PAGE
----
That opportunity, however, will be delayed until the Business School vacates Uris—a move that will likely not happen for at least another five years. Some have also expressed concerns that Uris will need to undergo significant and costly renovations, which, given the University's budget model, Arts and Sciences itself would need to finance.
That Arts and Sciences could afford such renovations seems unlikely—for years, they have struggled to renovate the buildings they currently occupy with their meager budget.
"The most acute problems, arguably, are in the sciences. So buildings like Pupin, Fairchild, Havemeyer, are old buildings in which we're trying to do state-of-the-art modern science and they just desperately need to be modernized," Madigan says. "It's not a small lift, it's a big issue."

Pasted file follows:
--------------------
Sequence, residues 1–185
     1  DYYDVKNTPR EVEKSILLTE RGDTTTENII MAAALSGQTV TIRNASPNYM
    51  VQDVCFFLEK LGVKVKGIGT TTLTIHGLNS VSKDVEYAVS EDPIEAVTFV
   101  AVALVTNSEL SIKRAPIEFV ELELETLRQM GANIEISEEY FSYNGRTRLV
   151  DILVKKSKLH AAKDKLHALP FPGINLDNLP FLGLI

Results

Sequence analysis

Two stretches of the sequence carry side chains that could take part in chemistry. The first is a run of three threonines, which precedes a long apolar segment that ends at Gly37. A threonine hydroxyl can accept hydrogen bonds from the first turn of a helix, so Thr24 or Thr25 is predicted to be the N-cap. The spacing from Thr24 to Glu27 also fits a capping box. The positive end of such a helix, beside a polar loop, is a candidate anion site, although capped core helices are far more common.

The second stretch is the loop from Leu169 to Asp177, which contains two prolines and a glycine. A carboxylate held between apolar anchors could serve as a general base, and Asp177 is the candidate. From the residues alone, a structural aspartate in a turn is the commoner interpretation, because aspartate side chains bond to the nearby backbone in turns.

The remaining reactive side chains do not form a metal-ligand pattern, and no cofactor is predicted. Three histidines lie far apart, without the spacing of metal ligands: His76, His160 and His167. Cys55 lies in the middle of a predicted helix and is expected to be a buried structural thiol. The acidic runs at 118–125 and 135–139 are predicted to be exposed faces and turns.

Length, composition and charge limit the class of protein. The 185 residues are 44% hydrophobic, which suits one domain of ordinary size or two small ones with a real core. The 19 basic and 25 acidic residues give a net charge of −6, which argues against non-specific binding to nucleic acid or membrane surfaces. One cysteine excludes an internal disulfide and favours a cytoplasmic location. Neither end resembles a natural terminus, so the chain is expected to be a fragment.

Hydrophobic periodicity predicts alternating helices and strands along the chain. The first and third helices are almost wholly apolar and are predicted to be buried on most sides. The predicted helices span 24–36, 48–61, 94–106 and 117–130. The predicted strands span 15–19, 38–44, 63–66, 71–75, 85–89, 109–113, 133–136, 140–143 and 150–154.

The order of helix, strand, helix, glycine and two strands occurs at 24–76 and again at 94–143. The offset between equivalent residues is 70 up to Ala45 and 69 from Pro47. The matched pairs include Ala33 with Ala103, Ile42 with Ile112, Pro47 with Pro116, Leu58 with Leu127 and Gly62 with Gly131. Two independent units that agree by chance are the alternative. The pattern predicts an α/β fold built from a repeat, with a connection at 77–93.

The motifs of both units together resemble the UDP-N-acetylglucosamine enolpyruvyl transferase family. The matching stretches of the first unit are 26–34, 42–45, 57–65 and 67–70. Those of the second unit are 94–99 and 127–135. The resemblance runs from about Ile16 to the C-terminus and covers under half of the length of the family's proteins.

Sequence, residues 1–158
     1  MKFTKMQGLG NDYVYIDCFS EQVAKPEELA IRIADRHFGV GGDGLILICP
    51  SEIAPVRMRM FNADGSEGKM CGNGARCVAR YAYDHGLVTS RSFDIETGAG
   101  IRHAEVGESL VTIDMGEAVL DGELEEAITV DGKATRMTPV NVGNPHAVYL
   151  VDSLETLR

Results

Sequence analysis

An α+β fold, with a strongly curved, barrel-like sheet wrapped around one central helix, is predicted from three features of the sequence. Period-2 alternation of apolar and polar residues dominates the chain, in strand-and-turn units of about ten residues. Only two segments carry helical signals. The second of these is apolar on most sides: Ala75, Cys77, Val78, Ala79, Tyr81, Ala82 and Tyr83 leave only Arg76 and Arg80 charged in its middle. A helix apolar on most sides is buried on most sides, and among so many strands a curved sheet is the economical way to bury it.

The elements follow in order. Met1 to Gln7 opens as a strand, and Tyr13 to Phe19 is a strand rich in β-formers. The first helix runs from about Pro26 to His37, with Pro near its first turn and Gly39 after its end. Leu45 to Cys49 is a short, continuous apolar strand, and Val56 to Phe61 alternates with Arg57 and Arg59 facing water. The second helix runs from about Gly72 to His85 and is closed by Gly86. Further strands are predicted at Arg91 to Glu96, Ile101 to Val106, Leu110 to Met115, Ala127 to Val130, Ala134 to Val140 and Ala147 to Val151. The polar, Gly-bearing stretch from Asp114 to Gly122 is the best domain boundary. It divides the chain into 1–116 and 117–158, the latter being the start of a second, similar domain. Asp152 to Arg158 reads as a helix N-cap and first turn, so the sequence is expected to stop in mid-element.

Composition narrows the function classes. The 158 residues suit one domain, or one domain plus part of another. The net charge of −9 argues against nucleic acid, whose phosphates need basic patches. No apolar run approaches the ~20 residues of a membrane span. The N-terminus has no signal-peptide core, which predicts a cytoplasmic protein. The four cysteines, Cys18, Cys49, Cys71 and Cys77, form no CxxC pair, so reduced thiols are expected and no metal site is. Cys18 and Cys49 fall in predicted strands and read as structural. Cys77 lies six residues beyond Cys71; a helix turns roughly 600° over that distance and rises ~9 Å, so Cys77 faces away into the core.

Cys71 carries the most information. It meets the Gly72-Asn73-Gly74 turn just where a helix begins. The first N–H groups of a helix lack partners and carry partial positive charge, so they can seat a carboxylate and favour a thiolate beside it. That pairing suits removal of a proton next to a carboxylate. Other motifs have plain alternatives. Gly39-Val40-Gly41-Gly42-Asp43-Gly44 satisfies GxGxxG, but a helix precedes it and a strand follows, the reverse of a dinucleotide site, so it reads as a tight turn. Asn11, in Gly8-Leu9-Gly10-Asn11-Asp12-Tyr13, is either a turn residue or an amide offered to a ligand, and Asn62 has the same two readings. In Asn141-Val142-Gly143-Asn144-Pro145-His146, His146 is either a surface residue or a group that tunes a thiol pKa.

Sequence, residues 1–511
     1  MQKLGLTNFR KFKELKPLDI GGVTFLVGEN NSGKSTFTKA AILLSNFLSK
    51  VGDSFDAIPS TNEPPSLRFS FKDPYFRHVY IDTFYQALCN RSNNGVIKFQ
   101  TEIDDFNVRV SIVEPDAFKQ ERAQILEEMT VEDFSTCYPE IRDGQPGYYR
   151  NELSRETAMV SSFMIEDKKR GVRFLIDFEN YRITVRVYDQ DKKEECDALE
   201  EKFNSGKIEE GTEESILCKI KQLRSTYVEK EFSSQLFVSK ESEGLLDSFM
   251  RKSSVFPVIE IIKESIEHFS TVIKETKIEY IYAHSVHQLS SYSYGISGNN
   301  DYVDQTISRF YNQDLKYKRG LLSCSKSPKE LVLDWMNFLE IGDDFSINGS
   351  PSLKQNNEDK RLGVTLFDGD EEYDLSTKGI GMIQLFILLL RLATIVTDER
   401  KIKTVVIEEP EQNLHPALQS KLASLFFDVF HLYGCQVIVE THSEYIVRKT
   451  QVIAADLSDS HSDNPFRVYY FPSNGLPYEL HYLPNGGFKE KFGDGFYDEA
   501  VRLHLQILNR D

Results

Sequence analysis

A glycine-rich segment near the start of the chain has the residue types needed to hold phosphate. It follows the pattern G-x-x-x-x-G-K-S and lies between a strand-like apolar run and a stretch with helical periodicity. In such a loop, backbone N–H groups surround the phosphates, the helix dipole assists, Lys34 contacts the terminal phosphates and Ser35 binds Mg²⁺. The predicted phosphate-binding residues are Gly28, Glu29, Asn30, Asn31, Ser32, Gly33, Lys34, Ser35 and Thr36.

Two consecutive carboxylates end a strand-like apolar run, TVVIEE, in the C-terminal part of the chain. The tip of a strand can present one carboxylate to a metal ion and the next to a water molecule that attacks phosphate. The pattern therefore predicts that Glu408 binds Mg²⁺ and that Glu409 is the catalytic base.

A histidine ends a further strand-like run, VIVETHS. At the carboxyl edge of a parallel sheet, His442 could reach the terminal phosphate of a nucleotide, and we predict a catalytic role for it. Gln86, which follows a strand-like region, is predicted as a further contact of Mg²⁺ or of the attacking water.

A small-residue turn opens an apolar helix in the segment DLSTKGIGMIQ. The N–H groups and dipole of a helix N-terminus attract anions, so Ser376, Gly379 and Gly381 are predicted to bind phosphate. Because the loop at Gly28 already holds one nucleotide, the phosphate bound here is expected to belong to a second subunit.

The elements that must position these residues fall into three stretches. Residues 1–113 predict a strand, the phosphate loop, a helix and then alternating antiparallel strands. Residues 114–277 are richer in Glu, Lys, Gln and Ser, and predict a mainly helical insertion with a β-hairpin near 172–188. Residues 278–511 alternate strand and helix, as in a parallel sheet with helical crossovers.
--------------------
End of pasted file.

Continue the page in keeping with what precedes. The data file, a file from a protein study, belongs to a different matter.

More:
This video was made in October. Prentis has since received due administrative attention.
Such renovations are key to offering competitive science programs and support research, but have been rendered financially unfeasible by Arts and Sciences' budget. A 2011 self-accreditation study found that Columbia has lagged behind its peers in this respect.
"Existing buildings on the Morningside campus still require extensive costly renovations to make them scientifically current and additional facilities will be needed for further expansion," the study says. "Columbia is well behind many of its peers in creating shared facilities to provide its scientists with these necessary services."
But perhaps the most damaging result for undergraduates of Arts and Sciences's unstable budget has been its effect on faculty size. Tied to structural and long-lasting deficit, the organization has reached a level of stasis—unable to afford expanding the size of the faculty, hiring more staff to unburden existing staff, exploring new areas of research, or offering more courses taught by faculty.
Although the faculty has grown 14 percent since the 2003-2004 school year, that growth has been mostly concentrated in a handful of departments, with nearly one third of departments left at the same size, or even smaller.